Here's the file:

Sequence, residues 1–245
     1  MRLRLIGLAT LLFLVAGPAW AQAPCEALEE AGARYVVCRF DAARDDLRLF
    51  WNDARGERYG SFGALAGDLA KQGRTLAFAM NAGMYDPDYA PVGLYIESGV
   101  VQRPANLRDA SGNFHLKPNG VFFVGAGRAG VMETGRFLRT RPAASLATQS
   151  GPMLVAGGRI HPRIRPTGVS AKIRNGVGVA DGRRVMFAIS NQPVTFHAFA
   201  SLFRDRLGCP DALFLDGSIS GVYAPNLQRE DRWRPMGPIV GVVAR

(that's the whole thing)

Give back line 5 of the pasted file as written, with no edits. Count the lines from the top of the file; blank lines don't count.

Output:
   151  GPMLVAGGRI HPRIRPTGVS AKIRNGVGVA DGRRVMFAIS NQPVTFHAFA